Format

Send to

Choose Destination
See comment in PubMed Commons below
Eur J Oncol Nurs. 2012 Dec;16(5):512-9. doi: 10.1016/j.ejon.2012.01.002. Epub 2012 Feb 25.

People with intellectual disabilities who are affected by a relative or friend with cancer: a qualitative study exploring experiences and support needs.

Author information

  • 1St George's University of London, Division of Population Health Sciences and Education, Cranmer Terrace, London SW17 0RE, UK. ituffrey@sgul.ac.uk

Abstract

PURPOSE:

To explore the experiences of people with intellectual disabilities (ID) who have a relative or friend with cancer, and to identify their support needs.

METHODS AND SAMPLE:

Participants were 21 adults with ID who had a relative/friend with cancer, now or in the past. Data were collected using focus groups and face-to-face interviews. Focus groups met four times, using a range of data collection techniques. Sessions were audio recorded and transcribed verbatim. Data were analysed using thematic content analysis. Data were collected between March 2010 and March 2011.

RESULTS:

Four themes emerged: (1) Protection and inclusion: participants who had not been told about their loved one's illness felt excluded; (2) Coping with cancer: participants had vivid memories of events and feelings. They worried about their families. Many had become carers themselves; (3) Understanding cancer: participants lacked knowledge about cancer and wanted to know more. (4) Someone to talk to: participants would have liked to share their feelings and questions with family, friends or professionals, but had not voiced their questions or concerns. 'Someone to talk to about my feelings and worries' and 'Someone to support the rest of my family' were voted the most helpful support strategies.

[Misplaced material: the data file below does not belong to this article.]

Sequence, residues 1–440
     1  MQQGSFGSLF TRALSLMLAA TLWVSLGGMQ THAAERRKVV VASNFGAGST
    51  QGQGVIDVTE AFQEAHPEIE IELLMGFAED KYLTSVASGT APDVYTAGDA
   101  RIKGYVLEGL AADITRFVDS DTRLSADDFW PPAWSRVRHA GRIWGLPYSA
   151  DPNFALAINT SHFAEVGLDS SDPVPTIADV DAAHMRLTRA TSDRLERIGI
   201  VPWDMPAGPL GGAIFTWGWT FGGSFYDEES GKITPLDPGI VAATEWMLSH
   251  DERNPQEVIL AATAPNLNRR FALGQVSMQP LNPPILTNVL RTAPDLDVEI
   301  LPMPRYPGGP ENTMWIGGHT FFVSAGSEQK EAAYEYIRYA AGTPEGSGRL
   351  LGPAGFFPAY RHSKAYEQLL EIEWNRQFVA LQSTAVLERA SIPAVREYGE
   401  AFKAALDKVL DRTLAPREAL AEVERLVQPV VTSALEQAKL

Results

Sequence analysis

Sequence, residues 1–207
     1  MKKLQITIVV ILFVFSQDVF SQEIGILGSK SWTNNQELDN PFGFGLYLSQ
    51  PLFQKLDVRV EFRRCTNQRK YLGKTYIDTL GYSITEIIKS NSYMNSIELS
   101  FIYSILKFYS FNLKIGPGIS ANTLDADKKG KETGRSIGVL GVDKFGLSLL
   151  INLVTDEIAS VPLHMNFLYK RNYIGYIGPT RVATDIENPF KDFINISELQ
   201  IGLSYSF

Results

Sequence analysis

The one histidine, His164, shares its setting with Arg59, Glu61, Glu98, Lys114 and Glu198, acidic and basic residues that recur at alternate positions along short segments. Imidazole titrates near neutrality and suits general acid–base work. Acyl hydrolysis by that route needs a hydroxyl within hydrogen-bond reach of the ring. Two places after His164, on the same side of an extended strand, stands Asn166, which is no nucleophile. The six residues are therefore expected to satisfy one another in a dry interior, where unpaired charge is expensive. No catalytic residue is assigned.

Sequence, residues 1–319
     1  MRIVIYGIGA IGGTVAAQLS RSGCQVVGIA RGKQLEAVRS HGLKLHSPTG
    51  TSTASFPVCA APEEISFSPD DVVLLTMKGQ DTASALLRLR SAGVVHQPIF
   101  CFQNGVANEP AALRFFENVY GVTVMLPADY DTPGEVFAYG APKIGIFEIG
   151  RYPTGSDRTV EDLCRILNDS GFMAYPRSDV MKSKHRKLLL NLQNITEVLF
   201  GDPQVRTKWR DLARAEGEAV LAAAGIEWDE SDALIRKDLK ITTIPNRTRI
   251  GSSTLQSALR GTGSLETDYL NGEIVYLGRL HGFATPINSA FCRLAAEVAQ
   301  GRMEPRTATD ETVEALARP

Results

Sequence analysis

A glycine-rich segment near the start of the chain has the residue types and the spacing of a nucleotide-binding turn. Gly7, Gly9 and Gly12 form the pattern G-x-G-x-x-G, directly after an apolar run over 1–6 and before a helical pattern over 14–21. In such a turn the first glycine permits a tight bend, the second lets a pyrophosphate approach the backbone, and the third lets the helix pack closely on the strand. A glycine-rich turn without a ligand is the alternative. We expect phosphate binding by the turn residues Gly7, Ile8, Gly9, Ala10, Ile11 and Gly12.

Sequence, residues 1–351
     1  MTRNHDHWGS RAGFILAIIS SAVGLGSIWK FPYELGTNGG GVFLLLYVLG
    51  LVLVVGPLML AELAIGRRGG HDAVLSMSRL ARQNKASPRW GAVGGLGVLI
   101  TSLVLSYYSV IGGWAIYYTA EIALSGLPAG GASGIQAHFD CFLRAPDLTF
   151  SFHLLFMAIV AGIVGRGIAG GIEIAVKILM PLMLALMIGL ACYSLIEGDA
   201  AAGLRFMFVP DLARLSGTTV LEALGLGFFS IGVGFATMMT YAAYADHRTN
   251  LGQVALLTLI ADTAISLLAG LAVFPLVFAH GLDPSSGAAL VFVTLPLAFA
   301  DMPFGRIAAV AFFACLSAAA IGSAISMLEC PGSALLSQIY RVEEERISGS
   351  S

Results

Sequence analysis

CONCLUSIONS:

Cancer nurses should ensure that people with ID in their patients' social circle are included in the family unit and receive adequate emotional support. They should be proactive in giving them information that is easy to understand. Using fictional stories can be particularly helpful in eliciting questions and concerns.

Copyright © 2012 Elsevier Ltd. All rights reserved.

[PubMed - indexed for MEDLINE]
PubMed Commons home

PubMed Commons

0 comments
How to join PubMed Commons

    Supplemental Content

    Full text links

    Icon for Elsevier Science
    Loading ...
    Write to the Help Desk